Not all replacement singers have helped the cause. The following 10 vocalists made some fans pine for the original lead singers.
Sammy Hagar replaces David Lee Roth in Van Halen: Yes, Hagar is a much better vocalist than Roth. However, the original Van Halen vocalist brought wit and showmanship to the table. Hagar crafted some of the most insipid lyrics ever. Who signed off on “Only time will tell if we stand the test of time” from “Why Can’t This Be Love?”
“Summer Nights” features some fine guitar work by Eddie Van Halen but is virtually unlistenable thanks to Hagar’s drivel. The words are just too dumb to be printed in a family newspaper.
No wonder Eddie Van Halen asked Patty Smyth, of Scandal fame, to replace Roth. Who knows what list that version of Van Halen would have made? Only if Smyth said yes.
Gary Cherone replaces Sammy Hagar in Van Halen: Cherone seems like a nice enough guy. His band Extreme was an overly earnest one-hit wonder (“More Than Words,” anyone?), and his three-year stint with the band was so bland and forgettable. All that I remember from that period was an interview I did with Eddie Van Halen in 1996. I asked him how he would handle Van Halen’s eventual Rock and Roll Hall of Fame induction.
“Gary will sing lead, and Dave and Sammy will sing backup,” he said. Actually, that would have been amusing. Anything would have been better than what transpired, with only Hagar and bassist Michael Anthony showing up.
Mike Campbell and Neil Finn replace Lindsey Buckingham in Fleetwood Mac: Who didn’t feel bad for guitarist Mike Campbell after his creative partner, Tom Petty, died unexpectedly in 2017? It’s nice Fleetwood Mac pulled Campbell out on the road after the devastation, but he and Crowded House vocalist-guitarist Neil Finn can’t stop fans from recalling Buckingham.
Buckingham was the architect behind much of the Fleetwood Mac sound, and he is such an underrated vocalist and guitarist.
Ian Astbury replaces Jim Morrison in the Doors: Morrison is impossible to follow. However, Astbury joined a version of the Doors nearly 30 years after the death of the Lizard King. The tour was for surviving members, guitarist Robbie Krieger and keyboardist Ray Manzarek, who clearly enjoyed playing the Doors’ classics live with Astbury, who is a more than capable vocalist.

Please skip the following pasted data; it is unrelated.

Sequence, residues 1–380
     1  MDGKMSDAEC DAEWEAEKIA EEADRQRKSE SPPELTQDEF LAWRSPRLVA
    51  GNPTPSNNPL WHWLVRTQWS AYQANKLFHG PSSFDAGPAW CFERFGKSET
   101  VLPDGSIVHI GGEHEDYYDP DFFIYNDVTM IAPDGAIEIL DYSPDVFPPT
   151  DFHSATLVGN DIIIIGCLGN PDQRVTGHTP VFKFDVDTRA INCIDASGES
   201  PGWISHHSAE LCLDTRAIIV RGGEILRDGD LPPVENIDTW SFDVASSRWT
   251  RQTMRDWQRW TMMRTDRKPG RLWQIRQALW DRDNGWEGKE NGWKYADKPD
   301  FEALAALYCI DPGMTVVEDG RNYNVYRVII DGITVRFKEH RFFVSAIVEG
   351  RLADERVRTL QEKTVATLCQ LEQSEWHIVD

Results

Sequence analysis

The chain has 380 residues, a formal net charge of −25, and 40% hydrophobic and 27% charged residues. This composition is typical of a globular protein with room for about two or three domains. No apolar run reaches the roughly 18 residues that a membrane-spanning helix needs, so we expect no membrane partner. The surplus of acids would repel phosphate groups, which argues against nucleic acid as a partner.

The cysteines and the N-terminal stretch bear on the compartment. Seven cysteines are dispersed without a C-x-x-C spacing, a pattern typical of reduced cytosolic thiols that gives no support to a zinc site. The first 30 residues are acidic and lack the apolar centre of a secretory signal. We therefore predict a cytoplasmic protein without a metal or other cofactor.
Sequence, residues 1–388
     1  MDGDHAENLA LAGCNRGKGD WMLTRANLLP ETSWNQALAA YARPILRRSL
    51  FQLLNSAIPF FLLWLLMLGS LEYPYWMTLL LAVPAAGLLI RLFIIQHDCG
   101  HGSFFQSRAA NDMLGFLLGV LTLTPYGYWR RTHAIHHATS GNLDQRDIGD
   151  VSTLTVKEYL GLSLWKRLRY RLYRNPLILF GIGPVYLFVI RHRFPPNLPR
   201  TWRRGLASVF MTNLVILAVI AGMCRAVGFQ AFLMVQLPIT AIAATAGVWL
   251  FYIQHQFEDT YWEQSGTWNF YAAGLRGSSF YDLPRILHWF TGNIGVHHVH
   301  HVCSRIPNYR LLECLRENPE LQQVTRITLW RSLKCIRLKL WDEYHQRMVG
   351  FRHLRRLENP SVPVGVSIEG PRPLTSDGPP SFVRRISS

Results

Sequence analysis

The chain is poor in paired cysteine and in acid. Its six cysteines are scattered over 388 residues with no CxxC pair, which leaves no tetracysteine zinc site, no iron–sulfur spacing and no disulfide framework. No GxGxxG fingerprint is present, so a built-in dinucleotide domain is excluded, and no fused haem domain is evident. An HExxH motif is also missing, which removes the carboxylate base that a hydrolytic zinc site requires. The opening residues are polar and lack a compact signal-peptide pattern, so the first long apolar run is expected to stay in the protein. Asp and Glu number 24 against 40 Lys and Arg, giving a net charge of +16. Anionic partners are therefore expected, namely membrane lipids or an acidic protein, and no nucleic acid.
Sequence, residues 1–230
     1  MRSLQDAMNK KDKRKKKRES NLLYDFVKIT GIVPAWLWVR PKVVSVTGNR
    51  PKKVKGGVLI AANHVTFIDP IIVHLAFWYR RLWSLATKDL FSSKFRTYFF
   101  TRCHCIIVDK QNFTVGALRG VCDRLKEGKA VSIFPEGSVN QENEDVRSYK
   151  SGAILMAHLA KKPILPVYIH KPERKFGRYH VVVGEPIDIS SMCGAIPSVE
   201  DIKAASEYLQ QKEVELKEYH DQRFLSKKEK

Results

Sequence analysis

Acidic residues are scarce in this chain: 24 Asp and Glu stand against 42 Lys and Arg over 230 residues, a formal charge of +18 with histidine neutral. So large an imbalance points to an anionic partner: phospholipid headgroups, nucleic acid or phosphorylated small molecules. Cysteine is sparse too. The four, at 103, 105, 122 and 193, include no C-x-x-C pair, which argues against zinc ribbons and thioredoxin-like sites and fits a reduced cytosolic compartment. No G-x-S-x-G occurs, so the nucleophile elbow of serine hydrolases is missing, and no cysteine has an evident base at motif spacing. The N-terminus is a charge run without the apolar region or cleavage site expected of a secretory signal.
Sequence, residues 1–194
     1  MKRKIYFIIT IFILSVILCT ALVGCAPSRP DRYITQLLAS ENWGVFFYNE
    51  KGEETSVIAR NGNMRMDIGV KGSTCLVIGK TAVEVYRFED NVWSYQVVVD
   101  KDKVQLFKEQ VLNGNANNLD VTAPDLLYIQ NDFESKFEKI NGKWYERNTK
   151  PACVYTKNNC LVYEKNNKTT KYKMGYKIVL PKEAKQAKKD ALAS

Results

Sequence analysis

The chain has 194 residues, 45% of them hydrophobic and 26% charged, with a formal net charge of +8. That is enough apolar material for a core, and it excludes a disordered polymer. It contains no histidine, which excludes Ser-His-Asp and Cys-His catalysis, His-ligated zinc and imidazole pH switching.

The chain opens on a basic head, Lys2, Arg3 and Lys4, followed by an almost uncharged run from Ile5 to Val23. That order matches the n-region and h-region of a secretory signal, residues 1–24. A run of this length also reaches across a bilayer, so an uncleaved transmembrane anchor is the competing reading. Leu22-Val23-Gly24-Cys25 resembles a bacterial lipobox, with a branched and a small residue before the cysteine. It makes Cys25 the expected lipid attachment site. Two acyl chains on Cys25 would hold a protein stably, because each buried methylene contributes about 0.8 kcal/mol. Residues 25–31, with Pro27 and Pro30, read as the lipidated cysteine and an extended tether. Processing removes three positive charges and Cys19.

Manzarek delivered a number of anecdotes during the show. During an interview around the time of the 2005 tour, Manzarek was obviously over the moon, but what Morrison provided – volatility, unpredictability and one of the greatest screams in rock history – wasn’t there in the 21st century version.
Ian Gillan replaces Ronnie James Dio in Black Sabbath: Gillan is a great singer, but he just didn’t fit with Sabbath. I experienced his Sabbath tour, dubbed “Born Again,” and I’m still trying to forget it.
Johnny Sollinger replaces Sebastian Bach in Skid Row: Bach as a bandmate, by a number of accounts, is a headcase. The charismatic former member of the “Gilmore Girls” cast, however, is a great interview, and he has a tremendous set of pipes. Bach has such presence and a voice that he has starred in “Jekyll & Hyde” and “The Rocky Horror Show” on Broadway for good reason.
There was no other singer for Skid Row. Such hits as “18 and Life,” “Youth Gone Wild” and “I Remember You” crackle with life because of Bach. The wacky Canadian killed it when Skid Row opened for Guns ‘N Roses during the 1990s. Bach is irreplaceable as far as Skid Row goes.
J.D. Fortune replaces Michael Hutchence in INXS: Casting Fortune, a reality-TV music competition winner, as the replacement for the complex and captivating Hutchence was a disaster. When INXS opened for the Go-Gos during the mid-1980s, the band had so much potential, and Hutchence could have passed for an Australian Mick Jagger.
RIP, Michael, and the same goes for INXS, which is thankfully defunct.
John Corabi replaces Vince Neil in Motley Crue: Corabi is a very good singer, arguably better than Neil. However, Motley Crue was about larger than life characters. All four were essential to the band’s success. One of the most polarizing bands in the history of rock wasn’t the same without Neil.
Ripper Owens replaces Rob Halford in Judas Priest: Owens could sing. He graduated from a Priest cover band to land the coveted position with the metal icons. However, Halford is a metal God who can’t be touched.
Blaze Bayley replaces Bruce Dickinson in Iron Maiden: It’s the same story for Bayley. Dickinson is tough to replace.
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